My worry was that having summaries only inconsistently adds a lot of mental complexity to track to the page. Now only sometimes when you hover over something do you see some kind of preview, and if you have ~60 items on a single page, adding any kind of indicator for that quickly makes things very cluttered.

And you would have to redesign the page quite a bit to have a good place for summaries without adding a huge amount of clutter or flashing or movement on the page.

Yeah, getting summaries would be nice, but the effort of writing a summary for each post would have been prohibitive (especially one that the authors would have been happy with). We tried showing the start of the post, but it wasn't very helpful for deciding whether to read something.

2Matt Goldenberg19h
Why not show the top-rated review, like you do at the top of the page?

Maybe consider asking the authors if they'd want to volunteer a ?50? word summary for this purpose, and include summaries for those who do?

Yeah, I was a bit worried about this, especially for popular comments. For quick takes, it does seem like you can see all the relevant context before voting, and you were also able to already vote on comments from the Recent Discussion section (though that section isn't sorted by votes, so at less risk of viral dynamics). I do feel a bit worried that popular comments will get a bunch of votes without people reading the underlying post it's responding to.

When I move my cursor from hovering one cell to another, the art instantly changes, in a way I find pretty disorienting.

Yeah, I'll experiment a bit with putting a longer delay on the hover transition. I agree that it feels currently a bit too flickery. I do also want it to feel responsive when you hover of an individual post.

On readability: I currently made the tradeoff to make post titles that are unread quite readable (with a heavily darkened background). Curious whether the unread/darkened items still seem like they have readability problems for you.

2Said Achmiz1d
I would not have guessed that there is any read/unread state marking going on, FYI.

Yeah, visibility of shortforms is now like 3-4x higher than it was a week ago, so expect shortforms in-general to get many more upvotes.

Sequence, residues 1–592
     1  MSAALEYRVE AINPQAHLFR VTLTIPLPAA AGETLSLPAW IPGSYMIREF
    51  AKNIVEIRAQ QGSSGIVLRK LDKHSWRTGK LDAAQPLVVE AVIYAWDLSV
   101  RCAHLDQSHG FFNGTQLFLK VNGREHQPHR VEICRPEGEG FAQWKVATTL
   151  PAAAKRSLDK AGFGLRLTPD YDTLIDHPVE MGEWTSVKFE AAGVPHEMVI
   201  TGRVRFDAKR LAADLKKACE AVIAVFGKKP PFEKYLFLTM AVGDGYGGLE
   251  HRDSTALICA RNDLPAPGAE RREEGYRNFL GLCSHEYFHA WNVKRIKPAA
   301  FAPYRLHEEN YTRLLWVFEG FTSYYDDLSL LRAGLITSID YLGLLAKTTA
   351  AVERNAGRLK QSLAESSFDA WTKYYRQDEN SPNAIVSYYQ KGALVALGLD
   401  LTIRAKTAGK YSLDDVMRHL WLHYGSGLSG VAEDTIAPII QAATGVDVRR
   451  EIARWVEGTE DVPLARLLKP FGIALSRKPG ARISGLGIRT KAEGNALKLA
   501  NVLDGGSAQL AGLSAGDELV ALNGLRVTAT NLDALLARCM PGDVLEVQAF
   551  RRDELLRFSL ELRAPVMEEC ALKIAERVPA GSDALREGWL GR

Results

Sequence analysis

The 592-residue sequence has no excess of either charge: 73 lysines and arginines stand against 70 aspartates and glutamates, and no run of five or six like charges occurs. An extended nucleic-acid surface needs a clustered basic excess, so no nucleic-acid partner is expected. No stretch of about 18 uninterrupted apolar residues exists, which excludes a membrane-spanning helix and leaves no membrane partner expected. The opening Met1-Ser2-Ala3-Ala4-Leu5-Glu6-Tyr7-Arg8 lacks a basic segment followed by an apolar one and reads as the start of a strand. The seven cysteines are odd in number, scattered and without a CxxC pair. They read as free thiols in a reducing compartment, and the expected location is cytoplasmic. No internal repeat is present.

2the gears to ascension1d
oh, that would do it. nice, btw.

Curious which part feels unwieldy and annoying. Navigating it feels definitely less straightforward than just scrolling a list, though it is also a lot denser and allows us to have 6 sections visible at the same time, which allows people to get an overview over the types of content we have on the site without needing to scroll up and down a lot.

I do still share a feeling that it's less straightforward to navigate than other stuff on the site. My guess was that the benefit of interactivity and playfulness that comes from the UI choices outweighs that (especially for new users who would probably mostly just be overwhelmed by a huge amount of information, which this page is more aimed at), but not sure.

5Said Achmiz1d
Well, just for example, I tried to find a post, so I did Cmd-F, and… it didn’t work because the post I was looking for was in a collapsed part. (That is, the browser reported a hit on the search, but nothing changed in the viewport.) (This is an easy thing to forget to implement; I’ve forgotten this very thing a few times myself. The solution is to listen for the selectionchange event, such that the enclosing section is automatically un-collapsed when the search function highlights text within a collapsed block.) Then there’s the fact that it can be hard to read the post titles against the beautiful backgrounds. Notably, this is hard to notice when simply looking at the page as it initially loads, as the initially displayed artwork is mostly dark-colored (though the “Rationality” section isn’t great in this regard) and the text is light-colored (with a dark shadow, as is proper). But when you hover over the sections, the artwork changes—often, to much lighter and/or busier imagery, which makes the text harder to read: As I said, this stuff really is pretty, but as a way of navigating a list of text items, it leaves much to be desired…